Cardiovascular disease claims the lives of nearly 500,000 women each year
What you should know:
•Women are at a higher risk than men
•Symptoms are often confused with heartburn
•Preventable if treated early
•Heart Health videos, http://www.youtube.com/user/CVSPharma...
•Hypertension videos, http://www.youtube.com/user/CVSPharma...
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Coromega Healthy Heart Packets, Juicy Orange Flavor $21.99 http://bit.ly/aKwqTO
Hi, I'm Kenisha Carr and I'm a CVS pharmacist. Cardiovascular disease is the number-one killer of women in the United States, claiming the lives of nearly 500,000 women each year. That is more than the number of women who die from all types of cancer combined.
There are many reasons why women are at a higher risk for fatal heart disease than men, such as gender differences, lack of knowledge of the symptoms, and less preventive screening in comparison to men. Although men on average develop heart disease 10 years earlier than women, more women now die of it, primarily because heart disease is most prevalent in the latter decades of life. On average, women live longer than men, thus women ultimately live long enough to succumb to the disease. Women's hearts are also smaller, beat faster, and have finer and more fragile arteries. Also, women experience less severe symptoms than the obvious crushing chest pain men experience during a heart attack. Preceding or during an attack, women may complain of chronic fatigue, indigestion, pain in the back or jaw, and heart palpitations, which can be confused as symptoms for heartburn or mental stress and lead to a delay in medical treatment. Early menopause plays a role in the higher risk. It deprives the body of estrogen's heart-protective benefits. Also, high cholesterol, smoking, high blood pressure, diabetes, and obesity are all causes that can be shared by either gender; there is evidence that they can cause worse consequences for women.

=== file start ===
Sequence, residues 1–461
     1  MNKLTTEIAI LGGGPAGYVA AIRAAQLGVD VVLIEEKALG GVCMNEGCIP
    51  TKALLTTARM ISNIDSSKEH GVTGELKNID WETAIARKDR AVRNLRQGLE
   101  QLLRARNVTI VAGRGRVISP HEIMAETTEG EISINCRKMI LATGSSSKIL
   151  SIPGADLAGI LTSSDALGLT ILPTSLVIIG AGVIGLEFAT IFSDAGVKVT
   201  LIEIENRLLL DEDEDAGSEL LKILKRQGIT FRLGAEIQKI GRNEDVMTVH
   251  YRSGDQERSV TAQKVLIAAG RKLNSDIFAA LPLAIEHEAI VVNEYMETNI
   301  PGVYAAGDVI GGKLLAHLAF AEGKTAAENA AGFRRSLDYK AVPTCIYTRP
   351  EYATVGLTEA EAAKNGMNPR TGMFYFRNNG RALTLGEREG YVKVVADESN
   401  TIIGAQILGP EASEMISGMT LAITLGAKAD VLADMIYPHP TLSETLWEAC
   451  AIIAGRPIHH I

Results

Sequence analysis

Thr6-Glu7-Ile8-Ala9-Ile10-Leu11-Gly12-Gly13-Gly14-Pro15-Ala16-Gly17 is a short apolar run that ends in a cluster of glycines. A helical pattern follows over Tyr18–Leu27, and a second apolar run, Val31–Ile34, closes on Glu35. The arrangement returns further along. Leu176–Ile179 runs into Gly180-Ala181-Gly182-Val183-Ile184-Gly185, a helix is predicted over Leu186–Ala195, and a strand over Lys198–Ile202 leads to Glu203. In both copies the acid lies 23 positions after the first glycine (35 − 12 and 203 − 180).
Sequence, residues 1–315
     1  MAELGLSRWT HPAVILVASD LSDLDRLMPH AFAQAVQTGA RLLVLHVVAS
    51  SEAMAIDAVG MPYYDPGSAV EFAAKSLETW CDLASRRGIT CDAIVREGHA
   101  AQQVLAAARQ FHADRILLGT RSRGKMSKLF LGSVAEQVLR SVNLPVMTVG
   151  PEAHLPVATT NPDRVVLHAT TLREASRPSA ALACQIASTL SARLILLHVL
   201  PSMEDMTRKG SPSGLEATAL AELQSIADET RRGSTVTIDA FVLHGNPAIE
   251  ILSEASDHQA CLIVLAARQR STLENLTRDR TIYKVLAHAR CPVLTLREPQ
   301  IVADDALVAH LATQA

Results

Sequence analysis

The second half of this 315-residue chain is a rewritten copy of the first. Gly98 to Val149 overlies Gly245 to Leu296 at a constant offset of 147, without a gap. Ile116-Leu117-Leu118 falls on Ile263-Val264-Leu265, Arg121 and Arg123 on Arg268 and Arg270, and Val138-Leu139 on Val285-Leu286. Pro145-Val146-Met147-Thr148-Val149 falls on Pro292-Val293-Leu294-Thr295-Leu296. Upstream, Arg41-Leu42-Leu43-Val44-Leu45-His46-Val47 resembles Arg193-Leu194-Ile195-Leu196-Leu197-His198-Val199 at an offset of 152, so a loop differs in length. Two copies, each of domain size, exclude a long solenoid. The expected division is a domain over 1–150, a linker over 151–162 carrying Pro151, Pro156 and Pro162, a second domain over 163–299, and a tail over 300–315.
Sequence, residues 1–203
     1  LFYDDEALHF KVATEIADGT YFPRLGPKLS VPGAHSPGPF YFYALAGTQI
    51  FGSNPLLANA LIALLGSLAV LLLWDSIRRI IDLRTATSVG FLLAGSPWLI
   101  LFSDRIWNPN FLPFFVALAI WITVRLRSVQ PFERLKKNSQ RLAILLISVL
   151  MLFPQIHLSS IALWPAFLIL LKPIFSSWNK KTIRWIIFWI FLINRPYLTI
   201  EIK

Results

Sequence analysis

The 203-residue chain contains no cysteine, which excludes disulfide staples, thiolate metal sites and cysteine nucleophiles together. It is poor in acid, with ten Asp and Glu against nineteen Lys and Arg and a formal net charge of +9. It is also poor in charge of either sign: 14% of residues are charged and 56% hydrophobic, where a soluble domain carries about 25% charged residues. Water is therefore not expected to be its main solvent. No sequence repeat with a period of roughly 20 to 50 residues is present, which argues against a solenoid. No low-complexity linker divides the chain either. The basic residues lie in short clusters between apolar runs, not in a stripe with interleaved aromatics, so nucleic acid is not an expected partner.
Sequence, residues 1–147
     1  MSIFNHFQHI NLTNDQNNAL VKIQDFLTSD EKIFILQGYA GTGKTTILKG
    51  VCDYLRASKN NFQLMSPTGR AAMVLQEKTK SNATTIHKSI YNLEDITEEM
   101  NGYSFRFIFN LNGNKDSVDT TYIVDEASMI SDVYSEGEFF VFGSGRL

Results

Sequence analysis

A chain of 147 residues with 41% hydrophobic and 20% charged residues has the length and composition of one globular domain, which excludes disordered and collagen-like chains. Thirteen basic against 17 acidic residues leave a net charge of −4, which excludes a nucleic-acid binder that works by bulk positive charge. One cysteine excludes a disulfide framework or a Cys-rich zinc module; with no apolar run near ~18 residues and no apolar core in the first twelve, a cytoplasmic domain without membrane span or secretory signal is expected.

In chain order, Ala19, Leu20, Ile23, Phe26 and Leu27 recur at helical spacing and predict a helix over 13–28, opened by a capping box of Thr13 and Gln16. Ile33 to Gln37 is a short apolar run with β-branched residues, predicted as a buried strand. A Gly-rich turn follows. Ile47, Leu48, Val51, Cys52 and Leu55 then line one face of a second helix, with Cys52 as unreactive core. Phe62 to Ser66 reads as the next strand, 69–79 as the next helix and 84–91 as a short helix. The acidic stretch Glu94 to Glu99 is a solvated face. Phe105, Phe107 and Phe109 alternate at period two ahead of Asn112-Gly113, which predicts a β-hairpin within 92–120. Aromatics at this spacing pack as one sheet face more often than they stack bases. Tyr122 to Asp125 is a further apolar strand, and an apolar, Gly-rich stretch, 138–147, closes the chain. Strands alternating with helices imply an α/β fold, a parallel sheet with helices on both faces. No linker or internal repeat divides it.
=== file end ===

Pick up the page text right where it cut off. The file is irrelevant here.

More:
Cardiovascular disease is preventable if it's detected early. However, symptoms are often not noticed, and two-thirds of women who die of a heart attack have no prior symptoms, compared to only half of men. Studies show that doctors are less likely to screen women for their risk of heart disease than men, routinely overlook or discount their symptoms, and treat female patients less aggressively than males.
If you have any questions, talk to your doctor or CVS pharmacist. We're here to help.
Source: CVS Caremark Health Resources